AIRBNB: WHO ARE THESE FACELESS ‘MOMS & DADS’ WHO ARE SCAMMING THE SYSTEM?
Yesterday, Julia Verdouw, fellow at the Institute for the Study of Social Change at the University of Tasmania, and Murray Cox from Inside Airbnb, were in conversation with Jonathan Green on ABC Radio’s ‘Blueprint for Living’ program. Their short podcast is here. They spoke of the seemingly innocuous transaction of booking an Airbnb for an overnight or weekend, which effectively empties housing of residents and is leading to a full-blown “housing crisis”.
As soon as the ABC’s program had run its course, on social media an Airbnb troll rubbished Murray Cox personally and the data he presents, which is based entirely on that which Airbnb produces. So, looking a fresh at Airbnb’s nameless and often faceless ‘Moms & Dads and Trolls with a spare room’, here are a just some of those skewering Sydney homes and communities for profit:
‘Sally’ from UK-based Hometime, with 375 homes, is on the hunt for more Sydney profits,
‘Cederic’, ‘Johannes’, ‘Jonathon’, ‘Tam’ and ‘Tam’ and ‘Ellie’ – is that Eleanor Platt? - and probably many more; they all list under different Airbnb ‘host ids’. We count 512 Airbnb listings. Seems they all work for Hey Tom, which was acquired last year by Sydney-based Hometime, which has just raised $6.7 million and was Airbnb’s first partnership with a home management outfit in Australia. Linkedin says Hey Tom has up to 50 employees. Are they all listing homes under different ‘host ids’ and hiding on the Airbnb platform? Does one smell another Airbnb scam?
Pelicanstay Santa Monica, ca, is moving into Bondi Beach, the Gold Coast (and Auckland) homes. They have 27 Sydney homesand, in total, presently have “over 300 furnished apartments & vacation rentals…”
‘Rajan’, or ‘Rj’, who could be based in Singapore or Hong Kong, has 192 homes, and is looking to increase his Sydney/Melbourne portfolio,
‘Lisa’ (L’Abode) 232 homes, ‘Sabrina’ (MadeComfy) 208 homes, ‘Jarad’ 143 homes speaks fluent English, Cantonese, Mandarin Bahasa, Melayu, Bahasa Indonesian and Tagalog, ‘Youseff’ 75 homes, ‘Rowen’ (M-Power) 133 homes, ‘Danny’ 67 homes, ‘Aymeric’ 58 homes, ‘Natasha’ 51 homes, Kimi 48 homes, ‘LikeHome’ 87 homes, ‘HomeHotel’ 68 homes, ‘Gabriel’ (HomeHost) 62 homes, ‘Cushie’ (Conscierge Services) 43 homes, ‘BeachStays’ 63 homes, ‘Monique’ (Hotelesque) 107 homes, ‘Keris’ (The Apartment Service) 140 homes, and believe us, there are so many more. Then there are our regional areas and homes, and as per State Government records: in 2014, NSW/ACT had lost 216,000 homes to short-term rentals.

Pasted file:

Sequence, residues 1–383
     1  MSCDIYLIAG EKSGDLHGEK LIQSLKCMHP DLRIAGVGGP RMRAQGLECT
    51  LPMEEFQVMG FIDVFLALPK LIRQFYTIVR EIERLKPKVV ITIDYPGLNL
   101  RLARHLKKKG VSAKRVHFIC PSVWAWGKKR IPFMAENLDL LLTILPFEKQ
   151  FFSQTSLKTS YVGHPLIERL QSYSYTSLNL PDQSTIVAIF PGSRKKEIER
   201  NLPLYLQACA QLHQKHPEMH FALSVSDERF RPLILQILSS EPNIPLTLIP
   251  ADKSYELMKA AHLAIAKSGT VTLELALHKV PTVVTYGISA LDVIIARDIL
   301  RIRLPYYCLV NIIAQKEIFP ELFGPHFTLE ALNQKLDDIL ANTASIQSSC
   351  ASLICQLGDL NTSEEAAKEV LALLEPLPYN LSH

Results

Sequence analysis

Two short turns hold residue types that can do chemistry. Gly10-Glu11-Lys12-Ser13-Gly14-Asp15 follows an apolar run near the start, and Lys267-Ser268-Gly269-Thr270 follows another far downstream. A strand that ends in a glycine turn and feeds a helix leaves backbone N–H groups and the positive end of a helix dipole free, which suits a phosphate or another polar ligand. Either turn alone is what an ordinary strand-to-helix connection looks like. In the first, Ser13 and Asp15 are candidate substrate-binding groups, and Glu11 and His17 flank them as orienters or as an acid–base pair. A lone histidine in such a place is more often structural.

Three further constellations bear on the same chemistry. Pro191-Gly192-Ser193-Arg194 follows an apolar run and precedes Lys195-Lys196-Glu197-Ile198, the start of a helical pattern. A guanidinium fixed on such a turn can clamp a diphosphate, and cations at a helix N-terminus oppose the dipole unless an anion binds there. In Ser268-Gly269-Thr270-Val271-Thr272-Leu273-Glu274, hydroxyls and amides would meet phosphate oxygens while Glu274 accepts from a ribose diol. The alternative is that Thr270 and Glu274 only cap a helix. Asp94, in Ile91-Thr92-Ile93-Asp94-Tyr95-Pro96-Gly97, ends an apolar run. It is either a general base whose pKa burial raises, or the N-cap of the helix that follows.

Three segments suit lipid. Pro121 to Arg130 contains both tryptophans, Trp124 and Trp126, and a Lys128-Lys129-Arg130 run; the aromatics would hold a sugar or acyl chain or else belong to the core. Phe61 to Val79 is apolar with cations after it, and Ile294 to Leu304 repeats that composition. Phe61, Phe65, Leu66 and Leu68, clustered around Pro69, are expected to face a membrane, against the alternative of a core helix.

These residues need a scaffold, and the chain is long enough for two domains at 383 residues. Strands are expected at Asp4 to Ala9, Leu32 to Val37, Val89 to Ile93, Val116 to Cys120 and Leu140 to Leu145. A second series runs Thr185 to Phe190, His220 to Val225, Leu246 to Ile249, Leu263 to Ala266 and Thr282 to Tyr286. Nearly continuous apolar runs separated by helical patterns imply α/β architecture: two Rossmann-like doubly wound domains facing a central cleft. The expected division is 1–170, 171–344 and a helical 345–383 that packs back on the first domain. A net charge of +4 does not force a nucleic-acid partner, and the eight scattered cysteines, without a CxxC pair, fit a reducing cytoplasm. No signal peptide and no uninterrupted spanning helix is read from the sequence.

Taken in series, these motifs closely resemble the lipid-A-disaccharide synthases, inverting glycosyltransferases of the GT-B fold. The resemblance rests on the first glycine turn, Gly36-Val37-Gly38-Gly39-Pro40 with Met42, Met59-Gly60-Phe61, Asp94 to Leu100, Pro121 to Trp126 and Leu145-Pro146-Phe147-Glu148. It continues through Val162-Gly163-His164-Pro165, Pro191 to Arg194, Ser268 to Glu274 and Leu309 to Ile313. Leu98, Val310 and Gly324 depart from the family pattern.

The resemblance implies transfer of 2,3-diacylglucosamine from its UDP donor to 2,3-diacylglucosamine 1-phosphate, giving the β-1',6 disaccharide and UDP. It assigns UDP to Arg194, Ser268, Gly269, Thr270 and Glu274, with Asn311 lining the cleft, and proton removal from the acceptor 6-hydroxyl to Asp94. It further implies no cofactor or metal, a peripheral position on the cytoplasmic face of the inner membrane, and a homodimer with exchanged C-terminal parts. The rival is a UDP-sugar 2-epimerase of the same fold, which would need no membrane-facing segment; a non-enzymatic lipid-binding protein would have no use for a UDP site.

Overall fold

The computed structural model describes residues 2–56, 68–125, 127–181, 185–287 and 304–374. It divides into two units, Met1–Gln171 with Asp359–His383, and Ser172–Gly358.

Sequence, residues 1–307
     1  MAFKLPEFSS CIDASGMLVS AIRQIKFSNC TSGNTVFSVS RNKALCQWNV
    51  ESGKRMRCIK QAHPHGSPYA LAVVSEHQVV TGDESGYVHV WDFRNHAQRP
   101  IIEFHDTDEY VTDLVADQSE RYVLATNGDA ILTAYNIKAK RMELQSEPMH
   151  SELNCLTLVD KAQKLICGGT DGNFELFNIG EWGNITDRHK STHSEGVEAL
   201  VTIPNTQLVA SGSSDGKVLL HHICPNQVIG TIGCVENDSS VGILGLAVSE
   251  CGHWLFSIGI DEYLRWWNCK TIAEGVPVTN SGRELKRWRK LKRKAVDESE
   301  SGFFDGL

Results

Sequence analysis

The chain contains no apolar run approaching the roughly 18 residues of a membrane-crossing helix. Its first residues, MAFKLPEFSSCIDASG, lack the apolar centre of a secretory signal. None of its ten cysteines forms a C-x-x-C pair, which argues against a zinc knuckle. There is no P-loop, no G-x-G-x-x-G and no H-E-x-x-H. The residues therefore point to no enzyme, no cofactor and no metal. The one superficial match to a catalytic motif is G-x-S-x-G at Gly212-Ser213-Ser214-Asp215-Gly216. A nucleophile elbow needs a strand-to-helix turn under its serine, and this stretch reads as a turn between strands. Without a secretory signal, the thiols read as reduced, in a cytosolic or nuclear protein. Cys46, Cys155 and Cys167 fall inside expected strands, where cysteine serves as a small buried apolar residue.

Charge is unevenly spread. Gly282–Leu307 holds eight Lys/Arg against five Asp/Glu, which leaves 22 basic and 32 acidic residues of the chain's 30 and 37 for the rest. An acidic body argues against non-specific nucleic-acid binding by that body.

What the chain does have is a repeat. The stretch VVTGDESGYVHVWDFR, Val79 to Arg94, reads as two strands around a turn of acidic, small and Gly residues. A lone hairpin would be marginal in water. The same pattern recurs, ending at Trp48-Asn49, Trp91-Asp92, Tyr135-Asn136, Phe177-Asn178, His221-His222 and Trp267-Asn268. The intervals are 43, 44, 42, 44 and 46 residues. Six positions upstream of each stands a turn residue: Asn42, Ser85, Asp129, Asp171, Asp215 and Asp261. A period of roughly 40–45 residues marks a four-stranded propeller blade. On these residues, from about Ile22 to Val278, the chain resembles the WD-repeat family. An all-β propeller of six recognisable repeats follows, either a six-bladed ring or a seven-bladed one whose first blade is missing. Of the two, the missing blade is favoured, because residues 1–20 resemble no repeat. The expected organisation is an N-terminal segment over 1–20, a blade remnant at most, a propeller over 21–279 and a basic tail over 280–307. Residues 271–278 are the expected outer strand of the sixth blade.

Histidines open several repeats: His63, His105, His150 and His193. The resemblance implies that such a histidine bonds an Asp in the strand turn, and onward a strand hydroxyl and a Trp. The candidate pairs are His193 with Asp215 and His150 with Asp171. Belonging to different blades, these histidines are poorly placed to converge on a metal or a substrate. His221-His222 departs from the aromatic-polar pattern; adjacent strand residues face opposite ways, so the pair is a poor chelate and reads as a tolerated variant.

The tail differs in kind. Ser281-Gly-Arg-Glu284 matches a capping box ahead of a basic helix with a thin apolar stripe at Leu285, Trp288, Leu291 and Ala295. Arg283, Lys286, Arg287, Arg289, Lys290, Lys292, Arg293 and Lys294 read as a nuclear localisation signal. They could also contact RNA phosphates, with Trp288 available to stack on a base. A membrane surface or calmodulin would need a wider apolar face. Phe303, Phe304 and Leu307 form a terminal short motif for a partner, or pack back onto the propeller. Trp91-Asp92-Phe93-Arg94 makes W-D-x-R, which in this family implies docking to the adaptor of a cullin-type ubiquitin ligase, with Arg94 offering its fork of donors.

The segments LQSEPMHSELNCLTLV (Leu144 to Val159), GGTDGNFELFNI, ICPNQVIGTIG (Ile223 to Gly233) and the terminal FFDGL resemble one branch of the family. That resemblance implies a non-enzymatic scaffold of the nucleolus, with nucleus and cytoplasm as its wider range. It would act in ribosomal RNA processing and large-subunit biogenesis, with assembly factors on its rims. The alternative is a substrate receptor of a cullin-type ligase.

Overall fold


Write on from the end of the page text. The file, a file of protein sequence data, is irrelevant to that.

Hey ‘Tam’, Hey Tom, hey Airbnb: Here is 2 Horden Street Newtown. It was a commercial Medical Centre. City of Sydney Councilissued a change of use from commercial to residential use. Now 2 Horden Street is operating as a commercial Airbnb - 4 bedrooms /11 ‘guests’. Neighbours are furious at the City of Sydney Council for failing to enforce residential zoning.
In September, Transport for London published guidelines banning short-term rental adverts across the capital’s transport network. Last week saw a call for Edinburgh to follow Transport for London’s ban. Such adverts were labelled “an immense insult” to the city’s homeless and those living in unaffordable housing due to rising rents.
At her recent Town Hall Christmas Party, Sydney’s Lord Mayor Clover Moore made mention of the City’s efforts in “tackling housing affordability through levies, amended planning controls, discounted property sales and direct funding”. Ms Moore went on to say that“the City has supported the delivery of 835 affordable homes, with another 956 in the pipeline”. At the same time, the City of Sydney any other Councils across the Metropolitan area still refuse to enforce residential zoning and building codes which, as of 30 November, had seen 38,338 homes emptied of residents, to be replaced by Airbnb clients. Individuals are powerless. Power to enforce residential zoning, and at the same time protect housing and communities, lies with legislators:
"Zoning Laws are only as good as the enforcement behind them. If you don't enforce, what's the good of having them on the books? It comes down to trust in Public Officials to enforce the laws...because if they won't enforce, they might as well not be there." Jay Brinkmann, Chief Economist and Senior Vice President of Research and Education at the Mortgage Bankers Association (MBA)